Mining and material extraction have health risks that could be avoided with relatively small investments
Small-scale mining operations have been ranked by a new report as one of the most polluting industries from a human health perspective.
The US-based Blacksmith Institute, together with environmental group Green Cross Switzerland, released the top 10 list this week which names and shames the most serious polluting activities around the world.
The sources of pollution include some well-known activities such as the impact of untreated sewage and groundwater contamination but also the impact of small-scale mining, metals smelting and car battery recycling.
The report claims that such activities can seriously affect the environment and human health, including that of children. Deaths and related illnesses could be avoided with relatively cheap intervention by governments and aid groups.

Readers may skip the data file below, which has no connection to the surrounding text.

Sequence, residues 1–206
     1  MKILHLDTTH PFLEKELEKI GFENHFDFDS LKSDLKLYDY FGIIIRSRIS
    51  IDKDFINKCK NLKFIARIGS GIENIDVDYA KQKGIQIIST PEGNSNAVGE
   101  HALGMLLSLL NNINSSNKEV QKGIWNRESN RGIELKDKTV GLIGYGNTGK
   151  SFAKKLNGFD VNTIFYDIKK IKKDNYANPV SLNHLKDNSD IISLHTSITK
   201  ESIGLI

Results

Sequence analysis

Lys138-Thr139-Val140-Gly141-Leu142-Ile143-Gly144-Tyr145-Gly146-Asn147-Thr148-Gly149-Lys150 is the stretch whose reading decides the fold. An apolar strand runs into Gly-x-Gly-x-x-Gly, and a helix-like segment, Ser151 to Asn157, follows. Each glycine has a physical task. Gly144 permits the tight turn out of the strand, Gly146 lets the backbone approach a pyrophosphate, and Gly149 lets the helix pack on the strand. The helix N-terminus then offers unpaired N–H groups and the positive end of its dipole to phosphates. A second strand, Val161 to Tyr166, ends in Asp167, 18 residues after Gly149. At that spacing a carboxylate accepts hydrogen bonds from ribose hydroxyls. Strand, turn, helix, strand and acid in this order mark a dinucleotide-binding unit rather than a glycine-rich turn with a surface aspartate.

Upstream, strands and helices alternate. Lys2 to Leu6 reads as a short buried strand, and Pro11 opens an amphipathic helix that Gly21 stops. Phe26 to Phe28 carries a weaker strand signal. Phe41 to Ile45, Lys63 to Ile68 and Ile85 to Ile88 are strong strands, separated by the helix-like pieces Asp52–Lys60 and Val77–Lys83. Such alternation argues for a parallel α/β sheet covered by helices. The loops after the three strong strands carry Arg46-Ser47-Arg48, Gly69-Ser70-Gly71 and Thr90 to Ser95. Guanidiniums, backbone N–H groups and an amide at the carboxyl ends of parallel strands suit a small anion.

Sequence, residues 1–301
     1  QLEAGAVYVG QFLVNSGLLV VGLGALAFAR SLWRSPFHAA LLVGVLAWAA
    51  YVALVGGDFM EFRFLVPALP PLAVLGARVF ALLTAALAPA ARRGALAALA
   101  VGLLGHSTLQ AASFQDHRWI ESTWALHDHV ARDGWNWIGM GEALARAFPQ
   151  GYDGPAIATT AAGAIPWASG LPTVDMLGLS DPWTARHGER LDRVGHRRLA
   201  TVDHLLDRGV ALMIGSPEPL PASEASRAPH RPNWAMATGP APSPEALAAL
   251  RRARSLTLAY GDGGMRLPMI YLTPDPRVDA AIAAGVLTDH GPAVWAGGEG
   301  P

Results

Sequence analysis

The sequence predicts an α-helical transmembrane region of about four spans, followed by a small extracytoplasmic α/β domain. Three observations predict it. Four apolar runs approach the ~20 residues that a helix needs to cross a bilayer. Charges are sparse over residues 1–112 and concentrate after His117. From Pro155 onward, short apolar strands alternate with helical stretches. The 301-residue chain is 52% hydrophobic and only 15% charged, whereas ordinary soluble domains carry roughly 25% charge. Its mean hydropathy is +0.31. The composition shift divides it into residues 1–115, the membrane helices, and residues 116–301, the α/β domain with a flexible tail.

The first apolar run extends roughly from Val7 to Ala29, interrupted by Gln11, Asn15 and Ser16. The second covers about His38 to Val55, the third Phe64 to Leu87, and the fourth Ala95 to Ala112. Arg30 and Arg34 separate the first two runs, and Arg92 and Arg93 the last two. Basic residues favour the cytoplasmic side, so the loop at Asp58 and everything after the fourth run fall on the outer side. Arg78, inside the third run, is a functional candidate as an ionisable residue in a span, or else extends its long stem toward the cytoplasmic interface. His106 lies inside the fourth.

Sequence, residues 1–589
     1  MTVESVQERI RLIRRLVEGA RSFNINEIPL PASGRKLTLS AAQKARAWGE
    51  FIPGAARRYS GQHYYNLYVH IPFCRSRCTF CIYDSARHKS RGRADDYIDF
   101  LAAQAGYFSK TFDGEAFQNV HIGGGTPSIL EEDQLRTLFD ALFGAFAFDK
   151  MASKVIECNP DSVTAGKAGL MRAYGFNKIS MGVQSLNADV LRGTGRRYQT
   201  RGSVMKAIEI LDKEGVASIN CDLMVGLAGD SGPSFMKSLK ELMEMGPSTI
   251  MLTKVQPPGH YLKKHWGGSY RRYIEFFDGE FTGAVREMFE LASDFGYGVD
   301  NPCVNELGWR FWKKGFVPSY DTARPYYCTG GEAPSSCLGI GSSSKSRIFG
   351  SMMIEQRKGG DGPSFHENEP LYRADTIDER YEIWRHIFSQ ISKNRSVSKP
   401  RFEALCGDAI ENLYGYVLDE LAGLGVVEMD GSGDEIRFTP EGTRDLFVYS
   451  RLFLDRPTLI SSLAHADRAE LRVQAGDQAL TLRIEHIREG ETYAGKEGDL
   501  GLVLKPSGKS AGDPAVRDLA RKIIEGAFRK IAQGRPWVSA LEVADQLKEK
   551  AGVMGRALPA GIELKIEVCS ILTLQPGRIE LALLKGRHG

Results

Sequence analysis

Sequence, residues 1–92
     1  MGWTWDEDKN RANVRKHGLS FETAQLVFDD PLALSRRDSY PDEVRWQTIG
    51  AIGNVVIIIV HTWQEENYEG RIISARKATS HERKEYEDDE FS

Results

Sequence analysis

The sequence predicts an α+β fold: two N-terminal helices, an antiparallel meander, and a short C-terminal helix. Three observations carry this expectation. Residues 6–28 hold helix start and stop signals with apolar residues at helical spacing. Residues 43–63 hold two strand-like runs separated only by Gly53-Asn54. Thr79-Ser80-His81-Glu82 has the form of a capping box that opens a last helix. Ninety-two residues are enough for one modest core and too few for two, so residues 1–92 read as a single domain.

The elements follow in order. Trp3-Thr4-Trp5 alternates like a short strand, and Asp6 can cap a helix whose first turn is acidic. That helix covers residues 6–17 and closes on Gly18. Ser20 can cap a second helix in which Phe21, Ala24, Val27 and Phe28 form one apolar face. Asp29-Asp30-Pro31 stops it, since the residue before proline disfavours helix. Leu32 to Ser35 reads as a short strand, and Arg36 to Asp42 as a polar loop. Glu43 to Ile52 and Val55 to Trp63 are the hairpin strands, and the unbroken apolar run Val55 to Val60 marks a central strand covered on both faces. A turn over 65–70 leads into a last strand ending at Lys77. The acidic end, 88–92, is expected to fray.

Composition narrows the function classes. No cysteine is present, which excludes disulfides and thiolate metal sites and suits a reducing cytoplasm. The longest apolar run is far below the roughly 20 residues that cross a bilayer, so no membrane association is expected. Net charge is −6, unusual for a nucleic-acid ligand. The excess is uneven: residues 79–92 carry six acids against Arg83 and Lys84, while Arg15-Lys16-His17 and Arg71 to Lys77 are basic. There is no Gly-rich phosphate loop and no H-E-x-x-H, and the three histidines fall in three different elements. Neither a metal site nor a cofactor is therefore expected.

"Our goal with the 2008 report is to increase awareness of the severe toll that pollution takes on human health and inspire the international community to act," said Richard Fuller, founder of Blacksmith Institute. "Remediation is both possible and cost-effective. Clean air, water and soil are human rights."
Mercury amalgamation, a by-product of small-scale mining, affects up to 15 million miners, including 4.5 million women and 600,000 children, the report claims.
"Estimates show that as much as 95 per cent of all mercury used in small-scale mines is released into the environment. Hundreds of pounds of mercury are used every day for gold recovery, and it only requires less than one microgram per cubic metre to cause serious health effects," the report states.
The report's authors claim that more attention has to be given to the impact of pollution on human health. "While much attention has been paid to these diseases [HIV/AIDS, Malaria and TB], the relationship between human health and pollution seems to have been largely ignored."
No responsibility can be taken for the content of external Internet sites.
Return to green news headlines
View Green News Archive